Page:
The Democratic Party of Japan — the second largest opposition force — will soon submit to the Diet two bills designed to provide more financial aid to survivors of the Great Hanshin Earthquake.
According to the planned legislation, each household that suffered damage in the quake and has an annual income of less than 3.9 million yen is to be given a lump sum payment of 1 million yen, and 30,000 yen every month for four years beginning April 1998. Households with an annual income of less than 9 million yen will be entitled to receive up to 3 million yen in interest-free loans. Those who have lost their jobs or family business due to the Jan. 17, 1995, temblor can receive up to 10 million yen in low-interest loans.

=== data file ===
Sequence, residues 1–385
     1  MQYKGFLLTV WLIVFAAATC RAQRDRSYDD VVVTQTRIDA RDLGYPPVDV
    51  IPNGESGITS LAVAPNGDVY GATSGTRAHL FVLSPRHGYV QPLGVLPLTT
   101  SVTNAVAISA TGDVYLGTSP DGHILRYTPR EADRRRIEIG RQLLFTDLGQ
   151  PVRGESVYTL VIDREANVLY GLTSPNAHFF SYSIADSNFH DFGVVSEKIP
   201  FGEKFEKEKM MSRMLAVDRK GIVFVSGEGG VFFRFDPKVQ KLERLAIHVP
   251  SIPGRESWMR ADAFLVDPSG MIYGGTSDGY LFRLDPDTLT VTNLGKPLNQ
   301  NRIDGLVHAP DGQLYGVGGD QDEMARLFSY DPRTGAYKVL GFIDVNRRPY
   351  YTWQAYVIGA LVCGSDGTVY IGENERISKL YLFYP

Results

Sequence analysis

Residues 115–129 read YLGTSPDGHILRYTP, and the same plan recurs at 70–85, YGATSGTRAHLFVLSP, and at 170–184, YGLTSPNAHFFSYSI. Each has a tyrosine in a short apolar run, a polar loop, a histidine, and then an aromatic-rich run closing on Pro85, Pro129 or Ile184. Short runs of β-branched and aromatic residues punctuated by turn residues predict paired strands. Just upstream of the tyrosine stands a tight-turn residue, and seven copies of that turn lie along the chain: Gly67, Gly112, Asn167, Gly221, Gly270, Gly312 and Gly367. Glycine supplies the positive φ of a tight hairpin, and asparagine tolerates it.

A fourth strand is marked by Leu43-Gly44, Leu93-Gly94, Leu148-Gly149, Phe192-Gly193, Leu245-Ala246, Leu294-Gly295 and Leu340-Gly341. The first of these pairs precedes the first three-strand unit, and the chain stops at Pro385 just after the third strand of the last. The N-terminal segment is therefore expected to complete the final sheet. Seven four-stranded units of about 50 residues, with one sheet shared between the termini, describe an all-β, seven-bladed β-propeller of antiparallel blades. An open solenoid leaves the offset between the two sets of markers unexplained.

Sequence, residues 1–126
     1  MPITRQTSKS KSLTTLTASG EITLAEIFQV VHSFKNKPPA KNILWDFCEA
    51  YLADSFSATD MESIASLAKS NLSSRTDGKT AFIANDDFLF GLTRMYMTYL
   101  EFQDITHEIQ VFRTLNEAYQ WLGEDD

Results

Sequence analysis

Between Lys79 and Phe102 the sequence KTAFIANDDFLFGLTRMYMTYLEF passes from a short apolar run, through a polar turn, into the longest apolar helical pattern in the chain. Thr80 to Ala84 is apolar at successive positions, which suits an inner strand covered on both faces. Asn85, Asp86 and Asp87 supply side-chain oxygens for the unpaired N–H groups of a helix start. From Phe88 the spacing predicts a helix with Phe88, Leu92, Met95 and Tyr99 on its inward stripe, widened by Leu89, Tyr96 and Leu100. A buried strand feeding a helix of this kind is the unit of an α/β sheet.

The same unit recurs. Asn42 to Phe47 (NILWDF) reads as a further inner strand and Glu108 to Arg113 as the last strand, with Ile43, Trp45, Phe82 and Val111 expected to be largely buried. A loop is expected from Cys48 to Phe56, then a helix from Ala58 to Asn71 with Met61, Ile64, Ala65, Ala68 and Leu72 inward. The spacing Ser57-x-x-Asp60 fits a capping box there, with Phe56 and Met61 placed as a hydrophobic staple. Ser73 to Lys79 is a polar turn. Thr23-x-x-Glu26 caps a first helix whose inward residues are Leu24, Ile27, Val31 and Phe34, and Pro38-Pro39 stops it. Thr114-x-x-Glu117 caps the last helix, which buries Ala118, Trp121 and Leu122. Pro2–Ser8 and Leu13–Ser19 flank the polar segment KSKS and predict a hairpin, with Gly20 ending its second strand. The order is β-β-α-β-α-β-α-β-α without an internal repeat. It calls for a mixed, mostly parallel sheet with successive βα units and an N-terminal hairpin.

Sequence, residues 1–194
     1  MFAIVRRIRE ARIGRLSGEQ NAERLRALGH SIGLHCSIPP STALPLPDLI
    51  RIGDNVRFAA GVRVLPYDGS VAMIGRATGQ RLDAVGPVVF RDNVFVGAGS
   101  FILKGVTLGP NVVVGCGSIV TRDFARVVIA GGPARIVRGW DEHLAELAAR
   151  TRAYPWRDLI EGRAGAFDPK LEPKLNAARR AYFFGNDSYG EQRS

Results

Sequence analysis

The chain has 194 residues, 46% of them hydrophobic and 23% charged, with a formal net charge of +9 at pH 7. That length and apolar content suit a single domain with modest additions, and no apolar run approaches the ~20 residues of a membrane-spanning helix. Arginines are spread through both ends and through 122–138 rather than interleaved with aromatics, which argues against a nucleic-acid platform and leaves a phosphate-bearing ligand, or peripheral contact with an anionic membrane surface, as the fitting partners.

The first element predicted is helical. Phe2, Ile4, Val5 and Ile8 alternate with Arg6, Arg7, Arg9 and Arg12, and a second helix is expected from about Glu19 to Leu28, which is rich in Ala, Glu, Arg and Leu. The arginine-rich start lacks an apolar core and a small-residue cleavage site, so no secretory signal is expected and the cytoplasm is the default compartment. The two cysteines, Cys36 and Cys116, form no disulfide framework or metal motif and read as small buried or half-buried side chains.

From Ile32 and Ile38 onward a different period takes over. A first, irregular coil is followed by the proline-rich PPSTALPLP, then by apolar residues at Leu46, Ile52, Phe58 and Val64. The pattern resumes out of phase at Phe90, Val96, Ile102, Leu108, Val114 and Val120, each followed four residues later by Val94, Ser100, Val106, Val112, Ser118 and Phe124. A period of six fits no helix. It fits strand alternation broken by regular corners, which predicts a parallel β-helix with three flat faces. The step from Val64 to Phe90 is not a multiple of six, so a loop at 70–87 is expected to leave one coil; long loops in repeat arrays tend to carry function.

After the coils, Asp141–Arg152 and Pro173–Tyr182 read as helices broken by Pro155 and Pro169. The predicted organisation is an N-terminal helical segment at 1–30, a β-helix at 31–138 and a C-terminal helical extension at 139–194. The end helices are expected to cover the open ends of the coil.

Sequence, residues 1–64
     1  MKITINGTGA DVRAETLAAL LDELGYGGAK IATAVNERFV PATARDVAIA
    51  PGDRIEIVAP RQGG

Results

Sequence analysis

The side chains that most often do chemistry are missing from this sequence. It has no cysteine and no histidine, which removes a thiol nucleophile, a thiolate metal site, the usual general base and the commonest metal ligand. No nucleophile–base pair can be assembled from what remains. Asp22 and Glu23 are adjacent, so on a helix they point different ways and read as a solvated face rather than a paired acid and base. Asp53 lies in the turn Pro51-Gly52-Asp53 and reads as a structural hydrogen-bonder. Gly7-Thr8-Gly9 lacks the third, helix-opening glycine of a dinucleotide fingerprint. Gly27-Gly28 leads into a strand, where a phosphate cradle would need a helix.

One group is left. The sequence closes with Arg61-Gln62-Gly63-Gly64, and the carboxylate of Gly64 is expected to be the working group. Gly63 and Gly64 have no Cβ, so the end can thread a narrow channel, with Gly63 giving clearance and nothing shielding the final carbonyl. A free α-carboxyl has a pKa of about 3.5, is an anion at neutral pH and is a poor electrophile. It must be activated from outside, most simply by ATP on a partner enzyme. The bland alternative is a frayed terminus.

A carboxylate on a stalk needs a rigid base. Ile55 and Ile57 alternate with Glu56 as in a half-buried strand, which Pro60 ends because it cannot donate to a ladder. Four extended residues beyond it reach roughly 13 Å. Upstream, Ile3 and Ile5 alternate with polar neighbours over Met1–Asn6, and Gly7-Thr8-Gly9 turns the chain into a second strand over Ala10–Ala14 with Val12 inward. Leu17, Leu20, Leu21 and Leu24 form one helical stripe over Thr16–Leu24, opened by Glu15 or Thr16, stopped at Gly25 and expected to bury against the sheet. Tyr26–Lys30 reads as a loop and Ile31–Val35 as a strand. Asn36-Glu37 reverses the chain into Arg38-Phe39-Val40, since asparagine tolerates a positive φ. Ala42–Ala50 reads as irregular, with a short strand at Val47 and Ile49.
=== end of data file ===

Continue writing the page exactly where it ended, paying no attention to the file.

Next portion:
The amount of condolence money for a family who lost one of its members in the quake will be raised from the current 5 million yen to 7 million yen, said Hiroshi Kawauchi, a DPJ Lower House member. “Of 4 trillion yen in special aid given by the government to Hyogo Prefecture, about 3.5 trillion yen has been spent for public works projects related to infrastructure,” Kawauchi told reporters. “Much more financial support should be provided to help quake victims rebuild their lives,” he said, adding that the DPJ will soon initiate talks with Shinshinto and the Social Democratic Party to seek their support for the bills.
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